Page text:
Opinion: For New Hampshire’s housing woes, listen to the people

  • An etching of a duplex in North Amherst. File photo

Published: 9/3/2023 7:00:48 AM
Modified: 9/3/2023 7:00:03 AM

Jason Sorens, Ph.D., of Amherst, founder of the Free State Project, is senior research faculty for the American Institute for Economic Research.

After the economy, housing affordability was the second most important issue to New Hampshire voters in a recent Emerson College poll. This concern makes sense because, according to data from New Hampshire Housing, home prices are at an all-time high. Soaring mortgage rates drive the cost of buying a home even higher. But there’s no relief in renting because average rents, too, have gone up 28% in just the last three years.

For answers to the housing affordability crisis, policymakers must listen to the voice of the people. A new survey from the Center for Ethics in Society at Saint Anselm College, which I helped design, shows strong voter support for several policy options.

Local planning and zoning regulations that limit where and how landowners can build homes can squash the supply of housing and drive up prices. By a 60% to 34% margin, New Hampshire registered voters supported changing these regulations to allow more housing. Even a majority of homeowners supported these changes. Renters, young people, and Granite Staters 65 or older were especially in favor.

By a 43% to 27% margin, voters also favor state legislation known as the “fourplex bill,” which would legalize two-, three-, and four-unit buildings on lots served by water and sewer systems and zoned for residential use. This bill has repeatedly failed in the New Hampshire House, but similar legislation was enacted into law in Vermont this year in a bipartisan fashion.

Voters also disagree with policies to restrict home-building, even when framed in a positive light. Thus, 64% disagree and only 30% agree that “our suburbs and rural towns should have mostly just single-family homes; apartments, duplexes, and townhomes should be built only in cities.” And 59% disagree and only 35% agree that “New Hampshire should do more to prevent development and keep the state the way it is.”

On all these questions, there’s been a big swing since last year. Support for zoning reform went from +12 to +26. Support for the fourplex bill went from +3 to +16. Opposition to banning multifamily from suburbs and rural areas went from +24 to +29, and opposition to “doing more to prevent development” went from +11 to +24.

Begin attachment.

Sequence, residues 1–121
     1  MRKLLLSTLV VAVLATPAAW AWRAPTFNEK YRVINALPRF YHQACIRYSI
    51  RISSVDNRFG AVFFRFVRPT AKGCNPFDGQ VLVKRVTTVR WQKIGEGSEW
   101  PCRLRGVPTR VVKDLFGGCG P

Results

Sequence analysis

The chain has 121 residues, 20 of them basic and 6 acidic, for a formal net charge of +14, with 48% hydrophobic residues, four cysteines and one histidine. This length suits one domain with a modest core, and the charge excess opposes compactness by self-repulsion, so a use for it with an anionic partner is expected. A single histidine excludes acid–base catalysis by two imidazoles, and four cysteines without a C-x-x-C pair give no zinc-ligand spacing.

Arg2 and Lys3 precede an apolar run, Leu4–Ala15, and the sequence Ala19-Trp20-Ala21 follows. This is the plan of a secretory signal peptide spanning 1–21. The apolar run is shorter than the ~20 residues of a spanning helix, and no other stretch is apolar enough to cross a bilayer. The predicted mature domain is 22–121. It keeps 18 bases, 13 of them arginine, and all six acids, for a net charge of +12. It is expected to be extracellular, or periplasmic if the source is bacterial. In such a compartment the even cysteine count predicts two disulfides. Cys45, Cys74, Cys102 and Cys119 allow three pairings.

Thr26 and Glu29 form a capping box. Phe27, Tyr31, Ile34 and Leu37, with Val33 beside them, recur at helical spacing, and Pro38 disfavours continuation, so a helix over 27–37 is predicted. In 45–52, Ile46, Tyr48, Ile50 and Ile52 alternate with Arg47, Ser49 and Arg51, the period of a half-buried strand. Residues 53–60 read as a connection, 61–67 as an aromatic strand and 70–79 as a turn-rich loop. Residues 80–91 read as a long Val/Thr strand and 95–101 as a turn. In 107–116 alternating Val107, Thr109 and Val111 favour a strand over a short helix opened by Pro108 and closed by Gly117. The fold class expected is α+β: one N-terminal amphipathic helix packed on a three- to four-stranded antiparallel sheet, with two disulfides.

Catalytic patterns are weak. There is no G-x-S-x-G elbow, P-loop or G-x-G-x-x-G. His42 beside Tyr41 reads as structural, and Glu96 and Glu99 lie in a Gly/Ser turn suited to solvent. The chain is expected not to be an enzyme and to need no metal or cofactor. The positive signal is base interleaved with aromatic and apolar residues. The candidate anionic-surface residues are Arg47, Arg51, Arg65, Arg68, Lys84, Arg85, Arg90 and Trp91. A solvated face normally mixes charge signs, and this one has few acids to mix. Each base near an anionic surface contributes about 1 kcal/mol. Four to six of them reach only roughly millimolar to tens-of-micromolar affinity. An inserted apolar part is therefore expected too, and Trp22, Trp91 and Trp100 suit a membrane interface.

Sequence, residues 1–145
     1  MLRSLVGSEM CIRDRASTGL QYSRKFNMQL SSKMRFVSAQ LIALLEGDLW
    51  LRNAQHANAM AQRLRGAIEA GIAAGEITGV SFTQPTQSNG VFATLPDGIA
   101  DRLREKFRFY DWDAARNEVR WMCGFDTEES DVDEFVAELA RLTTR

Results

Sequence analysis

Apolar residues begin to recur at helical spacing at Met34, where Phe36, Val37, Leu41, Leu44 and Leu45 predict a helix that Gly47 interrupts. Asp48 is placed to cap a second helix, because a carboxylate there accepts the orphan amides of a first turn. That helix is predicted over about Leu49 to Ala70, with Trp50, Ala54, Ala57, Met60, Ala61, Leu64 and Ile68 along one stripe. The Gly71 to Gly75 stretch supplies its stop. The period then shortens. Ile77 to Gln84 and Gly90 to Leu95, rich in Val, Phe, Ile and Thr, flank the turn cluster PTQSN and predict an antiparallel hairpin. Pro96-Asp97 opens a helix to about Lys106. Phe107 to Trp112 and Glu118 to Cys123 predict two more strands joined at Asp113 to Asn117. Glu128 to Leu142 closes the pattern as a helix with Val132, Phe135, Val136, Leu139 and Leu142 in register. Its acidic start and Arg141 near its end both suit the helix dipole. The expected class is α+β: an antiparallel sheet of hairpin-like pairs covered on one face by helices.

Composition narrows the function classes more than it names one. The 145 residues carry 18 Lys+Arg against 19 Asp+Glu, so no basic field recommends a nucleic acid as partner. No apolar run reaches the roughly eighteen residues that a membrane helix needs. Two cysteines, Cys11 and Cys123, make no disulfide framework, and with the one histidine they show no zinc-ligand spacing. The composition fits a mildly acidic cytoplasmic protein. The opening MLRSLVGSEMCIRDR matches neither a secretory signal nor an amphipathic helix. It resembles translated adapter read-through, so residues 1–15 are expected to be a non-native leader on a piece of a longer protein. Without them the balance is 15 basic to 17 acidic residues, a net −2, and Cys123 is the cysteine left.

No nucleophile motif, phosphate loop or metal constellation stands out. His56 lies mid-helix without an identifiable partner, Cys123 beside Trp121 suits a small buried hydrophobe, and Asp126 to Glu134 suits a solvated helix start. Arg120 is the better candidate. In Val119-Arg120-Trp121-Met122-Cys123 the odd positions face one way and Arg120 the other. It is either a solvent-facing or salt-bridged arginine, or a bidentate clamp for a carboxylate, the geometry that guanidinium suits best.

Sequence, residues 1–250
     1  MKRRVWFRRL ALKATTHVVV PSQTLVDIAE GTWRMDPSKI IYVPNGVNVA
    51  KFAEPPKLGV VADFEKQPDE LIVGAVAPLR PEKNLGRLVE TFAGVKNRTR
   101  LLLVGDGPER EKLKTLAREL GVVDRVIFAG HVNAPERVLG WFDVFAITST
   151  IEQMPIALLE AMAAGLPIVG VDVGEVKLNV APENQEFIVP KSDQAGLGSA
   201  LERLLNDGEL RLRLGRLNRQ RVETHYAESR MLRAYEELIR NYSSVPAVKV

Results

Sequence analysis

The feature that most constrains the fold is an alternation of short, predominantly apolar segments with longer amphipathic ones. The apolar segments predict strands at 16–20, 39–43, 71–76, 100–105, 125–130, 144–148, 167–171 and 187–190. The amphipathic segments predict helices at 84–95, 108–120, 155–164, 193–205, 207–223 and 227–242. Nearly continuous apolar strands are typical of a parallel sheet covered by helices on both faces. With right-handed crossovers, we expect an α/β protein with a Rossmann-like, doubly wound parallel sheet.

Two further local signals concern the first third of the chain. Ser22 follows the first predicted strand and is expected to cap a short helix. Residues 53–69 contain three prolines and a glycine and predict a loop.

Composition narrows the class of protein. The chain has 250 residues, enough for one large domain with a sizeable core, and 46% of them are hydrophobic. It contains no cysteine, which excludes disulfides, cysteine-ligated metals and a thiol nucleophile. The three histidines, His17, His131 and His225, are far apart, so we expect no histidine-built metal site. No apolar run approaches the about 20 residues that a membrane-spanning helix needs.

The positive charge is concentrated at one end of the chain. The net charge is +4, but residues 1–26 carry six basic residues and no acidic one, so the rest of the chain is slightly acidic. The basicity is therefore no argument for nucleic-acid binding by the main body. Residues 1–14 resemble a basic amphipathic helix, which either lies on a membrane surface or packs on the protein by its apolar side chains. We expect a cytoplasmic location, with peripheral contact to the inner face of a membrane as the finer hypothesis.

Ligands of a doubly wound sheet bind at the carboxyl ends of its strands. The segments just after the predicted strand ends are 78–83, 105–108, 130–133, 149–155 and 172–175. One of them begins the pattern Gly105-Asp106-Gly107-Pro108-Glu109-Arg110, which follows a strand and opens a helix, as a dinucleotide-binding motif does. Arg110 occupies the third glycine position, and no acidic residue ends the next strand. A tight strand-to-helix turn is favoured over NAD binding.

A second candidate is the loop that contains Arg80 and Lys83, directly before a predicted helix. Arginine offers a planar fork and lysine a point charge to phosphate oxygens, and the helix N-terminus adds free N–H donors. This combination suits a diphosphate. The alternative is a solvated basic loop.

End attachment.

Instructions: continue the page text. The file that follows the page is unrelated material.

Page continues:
These numbers amount to a groundswell of support for state and local action to remove barriers to new housing. With such a clear mandate, zoning reform should be sweeping the state.

Unfortunately, a loud minority stands in the way of alleviating the housing shortage and driving down prices. Many of our towns rely on non-representative, unscientific surveys in their planning process. These surveys tend to be captured by anti-housing activists, organizing their forces to take control of the narrative.

In the affluent suburb of Windham, a 2020 planning survey showed 73% wanting to limit residential growth and only 19% in favor of continuing to allow it. But less than 12% of registered voters participated. Even so, the planning board used this unrepresentative data as a justification to deny projects.

In my town, Amherst, master plan survey participation was little better, but again, the planning board assumes this incomplete information gives them a mandate to rewrite zoning to restrict housing. I don’t mean to pick on these towns; the problem is universal.

Three Boston University political scientists discovered in their acclaimed book, ”Neighborhood Defenders,” that people who participate in New England local politics, especially anything relating to development, are far whiter, older, wealthier, more home-owning, and more male than the general population. As a result, local land use boards and even state legislators get a skewed sense of what voters really want.

To solve problems that affect all Granite Staters, policymakers need to listen to all Granite Staters, not just the few political activists who hijack local conversations. The representative, scientific survey from the Center for Ethics in Society clearly shows that the mandate of the voters is in favor of reform that frees up the housing market. State legislators should not be afraid to intervene and fix the broken local planning process; the voters are on their side.

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